On my morning commutes I’ve been continuing to work my way through the Penguin 75 book that I wrote about in my last blog post, and enjoying the creativity and beauty that I’ve come across. I’ve been surprised with how often I’ve been completely surprised with what they’ve done, perhaps especially with their Graphic Classics Series where they created comic book covers for classic literature. But there were two covers in a row that made me pause and think. The first was In the Woods by Tana French, designed by Jen Wang on page 140, followed by The Island at the End of the World by Sam Taylor and designed by Matthew Taylor. They are two very different covers, one a black and white sketch of letterforms turning into branches, and the other a medley of ravens, tigers and butterfly erupting from an anime-looking pair of pants and unlaced sneakers. However I was struck by how similar the two author’s comments on their covers were.
Tana French, who is Irish, said
Covers on the European side of the Atlantic are so different from American ones that, to me, this looked nothing like a book cover. It was a truly beautiful thing. I could have looked at it for hours, and I’d have loved to have it in any one of a dozen forms—as an art print, a wall poster, a T-shirt—but if I’d seen it in isolation, I’d never have guessed what it was. I think I still see it that way: First as a thing I love looking at, and only second as the cover of the book.
I could appreciate that the cover was a little unusual, although I’m curious about how European covers are different. I’ll have to look into that. Turning the page to The Island at the End of the World, I read about how this cover was the result of a design contest. The author Sam Taylor’s comment on the design for his book was
I must admit my first reaction on seeing the winning cover was: WTF? It was gorgeous and striking, but not at all what I expected.
Both authors were struck by the fact that their covers were gorgeous, but not at all what they were expecting. The unexpected aspect was probably chosen deliberately by the art directors, but the gorgeous part, the artistic part, that is what helps makes these book covers some of the best in Penguin’s repertoire.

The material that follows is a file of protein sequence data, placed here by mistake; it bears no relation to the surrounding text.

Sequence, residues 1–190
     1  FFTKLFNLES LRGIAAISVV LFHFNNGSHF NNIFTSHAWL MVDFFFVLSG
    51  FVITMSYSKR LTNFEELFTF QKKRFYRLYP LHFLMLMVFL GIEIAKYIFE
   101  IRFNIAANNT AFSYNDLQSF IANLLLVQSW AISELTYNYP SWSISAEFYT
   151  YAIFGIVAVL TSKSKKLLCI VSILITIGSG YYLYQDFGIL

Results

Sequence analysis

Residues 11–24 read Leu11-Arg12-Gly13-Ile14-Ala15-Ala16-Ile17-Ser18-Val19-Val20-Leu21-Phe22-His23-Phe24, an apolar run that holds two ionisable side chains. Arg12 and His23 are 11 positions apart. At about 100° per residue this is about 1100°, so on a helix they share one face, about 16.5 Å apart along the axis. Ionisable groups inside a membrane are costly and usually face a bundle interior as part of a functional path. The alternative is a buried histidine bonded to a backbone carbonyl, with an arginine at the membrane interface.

As I read these responses I was reminded of a moment during the second week of my design class last semester, when we were getting feedback on our first assignment of the class. It was essentially a warm up exercise for the semester; we were supposed to take a poster by a famous designer that we were assigned (in my case Jan Tschichold) and redesign it in various ways using only the compositional elements that were in the original design. We brought in our new posters for feedback, and at one point, after pretty thoroughly criticizing everyone’s designs, our teacher asked me “So, Rebecca, which one would you put up on your wall?”
I was surprised by this question, as we were designing announcements for events and new movies and I was envisioning them on the street or posted on the wall of a movie theater, but definitely not hanging, framed, on my living room wall. It was an interesting, and I quickly realized, a good question. Because frankly, I wouldn’t have put a single one of my own designs up on my wall—they were ugly! And attractiveness isn’t a criteria I’d really been taking into account, but it made me think of the famous Fillmore concert posters that I’ve seen on teenagers’ bedroom walls across the country. Or of the beautiful posters by Otl Aicher for the 1972 Munich Olympics. Or the simple yet elegant advertisements for railways and state parks by Michael Schwab. And I’ve liked them because no matter what their original purpose was, they are interesting, intriguing, pretty, elegant, well designed, and in some way or another gorgeous.
So with this question in my mind, I went back to the drawing board. I kept in mind some of the design feedback I’d been given, and what other students had done that I thought had worked well. And I tried to envision them on my wall; I tried to make them artistic and interesting. In the end, I’m still not sure if I’d put them up on my own wall or not (they don’t really match the mood of my room), but I think my second round of designs was much more successful than those original submissions. And a couple of people I showed them to seemed to seriously consider taking me up on my offer to give the posters to them to hang in their apartments, which to me means success.
It’s fascinating to learn how to design, coming from where I do. Its unusual for me to be studying something that I have absolutely no formal academic experience in, to be stumbling across new and interesting ways of thinking about my discipline all the time. It’s absolutely fresh, not something I’ve been told about and taught for the last twenty years, and I’m really enjoying it. And I’m finding some amazing things to put up on my wall.
(by the way, for a very interesting insight into the process and design for the cover of In the Woods, go to the Faceoutbooks.com blog entry)